Where do you fit in to this project?
In any number of ways:

You put the Community in Frederick Douglass Bicentennial Community.
Help us keep Douglass’s legacy strong for another hundred years and more. Thank you for all you do.

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Join the Conversation

Subscribe to our newsletter.
Use our hashtags: #FDBC #Douglass200 #FD2018

Find us on social media:
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The Frederick Douglass Bicentennial Community project has ongoing volunteer opportunities for both our digital and face-to- face offerings.
Just fill out this form.


Organize a Reading Frederick Douglass Together event in your community

Find resources here or ask us for help. Take photos or video and send to us for sharing with the Douglass Bicentennial Community.


Are you organizing some other Douglass-related event?

Send us the info and we’ll consider posting it on our Community calendar. Use this form to submit an event.


Are you a teacher (K–18+)?

Check out our Teaching Resources. Let us know what you think.
What tools and methods do you use to teach about Douglass? Consider sharing them with us at douglassbicentennial@gmail.com.


Are you an artist whose work features or relates to Douglass?

Check out our arts section. Consider sharing your art with us in any medium: visual arts, theatre, poetry, spoken word, clothing, jewelry, crafts, music, video, and more.


Help us build the Douglass knowledge base

Is there a statue near you? A plaque? A historic site? A school or other institution or award named for Douglass? Is there a Douglass connection to places you don’t see mentioned on our maps or elsewhere on our site? Email us at douglassbicentennial@gmail.com.



 The Frederick Douglass Bicentennial Community is currently pursuing 501(c)(3) status; until then, consider donating to one of our partners such as The National Park Service Foundation; the African American Civil War Museum; or DC Murals. And watch our calendar, newsletter, and social media for info on how you can support other Douglass-related initiatives and projects. And thank you!


We begin with the knowledge that electronic and face-to-face interaction grow together. The idea for a Douglass bicentennial global online community took root in the District of Columbia, where Douglass made his home for the last quarter-century of his long illustrious life.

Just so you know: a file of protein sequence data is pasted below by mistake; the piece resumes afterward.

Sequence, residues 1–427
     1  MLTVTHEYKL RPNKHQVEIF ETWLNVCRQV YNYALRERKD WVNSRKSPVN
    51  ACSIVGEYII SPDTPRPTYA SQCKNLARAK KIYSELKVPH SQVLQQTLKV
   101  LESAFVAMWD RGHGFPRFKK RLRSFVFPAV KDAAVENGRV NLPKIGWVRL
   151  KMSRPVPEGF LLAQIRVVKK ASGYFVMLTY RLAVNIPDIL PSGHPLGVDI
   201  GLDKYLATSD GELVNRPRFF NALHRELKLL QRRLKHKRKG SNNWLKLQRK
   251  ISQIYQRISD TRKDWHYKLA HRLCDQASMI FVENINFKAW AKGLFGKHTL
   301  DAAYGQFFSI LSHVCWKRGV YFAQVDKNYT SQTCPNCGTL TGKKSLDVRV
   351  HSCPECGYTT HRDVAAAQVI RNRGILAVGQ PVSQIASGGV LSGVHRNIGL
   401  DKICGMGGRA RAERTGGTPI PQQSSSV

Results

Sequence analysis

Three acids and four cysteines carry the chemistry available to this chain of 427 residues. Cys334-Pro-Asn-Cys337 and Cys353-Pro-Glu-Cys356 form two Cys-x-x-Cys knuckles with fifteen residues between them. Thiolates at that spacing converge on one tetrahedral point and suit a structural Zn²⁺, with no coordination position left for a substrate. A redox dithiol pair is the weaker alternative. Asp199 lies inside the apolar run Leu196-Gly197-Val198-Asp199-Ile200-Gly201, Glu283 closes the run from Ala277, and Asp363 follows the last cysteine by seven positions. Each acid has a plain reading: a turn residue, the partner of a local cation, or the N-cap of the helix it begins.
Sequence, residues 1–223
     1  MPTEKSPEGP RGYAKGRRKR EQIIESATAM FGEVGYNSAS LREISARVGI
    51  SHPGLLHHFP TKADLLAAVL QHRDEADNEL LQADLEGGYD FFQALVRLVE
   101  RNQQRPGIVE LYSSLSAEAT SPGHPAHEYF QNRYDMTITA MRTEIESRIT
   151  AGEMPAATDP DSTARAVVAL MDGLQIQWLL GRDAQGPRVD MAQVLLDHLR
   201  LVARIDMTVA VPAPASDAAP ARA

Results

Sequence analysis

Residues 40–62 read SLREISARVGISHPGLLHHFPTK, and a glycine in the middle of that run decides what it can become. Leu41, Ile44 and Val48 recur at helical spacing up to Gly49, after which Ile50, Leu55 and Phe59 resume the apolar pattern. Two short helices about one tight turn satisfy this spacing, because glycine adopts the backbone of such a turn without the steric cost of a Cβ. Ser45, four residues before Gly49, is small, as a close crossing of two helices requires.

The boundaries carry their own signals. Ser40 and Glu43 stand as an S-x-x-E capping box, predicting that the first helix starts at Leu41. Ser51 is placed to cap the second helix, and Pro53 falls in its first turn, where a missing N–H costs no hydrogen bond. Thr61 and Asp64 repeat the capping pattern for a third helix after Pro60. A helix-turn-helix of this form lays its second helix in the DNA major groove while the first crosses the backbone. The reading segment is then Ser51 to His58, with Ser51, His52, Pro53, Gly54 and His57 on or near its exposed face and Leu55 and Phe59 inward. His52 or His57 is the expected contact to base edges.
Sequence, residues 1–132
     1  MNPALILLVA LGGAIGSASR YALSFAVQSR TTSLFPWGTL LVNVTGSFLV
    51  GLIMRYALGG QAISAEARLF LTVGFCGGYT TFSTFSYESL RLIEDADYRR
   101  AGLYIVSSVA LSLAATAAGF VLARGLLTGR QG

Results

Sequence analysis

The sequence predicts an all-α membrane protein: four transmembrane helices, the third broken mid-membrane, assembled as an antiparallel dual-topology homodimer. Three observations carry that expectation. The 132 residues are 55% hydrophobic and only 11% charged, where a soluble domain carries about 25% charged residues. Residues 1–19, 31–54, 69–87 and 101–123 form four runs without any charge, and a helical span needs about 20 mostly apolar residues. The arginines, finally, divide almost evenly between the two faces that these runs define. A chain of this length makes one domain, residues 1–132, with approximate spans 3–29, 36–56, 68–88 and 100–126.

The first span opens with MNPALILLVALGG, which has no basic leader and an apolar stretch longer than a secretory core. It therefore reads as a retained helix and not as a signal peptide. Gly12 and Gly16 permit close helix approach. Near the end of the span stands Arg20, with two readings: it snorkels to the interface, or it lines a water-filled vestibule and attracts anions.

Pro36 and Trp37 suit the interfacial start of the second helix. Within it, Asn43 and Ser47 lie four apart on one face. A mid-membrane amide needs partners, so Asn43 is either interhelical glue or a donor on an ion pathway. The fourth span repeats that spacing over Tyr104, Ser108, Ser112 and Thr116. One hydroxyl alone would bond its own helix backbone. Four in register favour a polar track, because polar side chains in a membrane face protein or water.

Like Douglass himself, the people, organizations, and institutions in the District nurture a proudly local identity and community even while welcoming the rest of the country and the world.  Some of our community partners--such as the Douglass National Historic Site, the Smithsonian Anacostia Community Museum and others--have long worked together to celebrate Douglass's birthday every year. Yet even those efforts have no common platform, and no way to link with friends and partners elsewhere, including the many communities that also claim Douglass as their own: New Bedford, Massachusetts; Rochester, New York; Maryland's Eastern Shore; and many more.

We aim to make a home on the web for all things Douglass. This will only be truly reflective of the worldwide Douglass community as you join us, send news of your events and other Douglass news that comes your way, and build and grow this community with us--through social media and other multiple intersecting networks.

To get things started, we offer this site, its calendar, and blog. More features are planned, including art galleries and product pages.  We are also on Facebook and Twitter, and coming soon to Instagram, Pinterest, YouTube, Flickr, and Soundcloud, among others.

Why Now

Organizing now will allow the “civil society” sector—artists, writers, poets, musicians, dancers, actors, archivists, scholars, librarians, public historians, stewards of historic sites, humanitarians, educators, activists, fans and admirers—to occupy the foreground, to take a leading role in raising Douglass’s public profile by doing what they do best, that is, lift up Douglass in all his compelling complexity.


Beyond the Bicentennial

We believe that, once brought together through the bicentennial, a global Douglass community, in its united power and strength, can work together long afterward to continue to promote, preserve, and extend Douglass's legacy.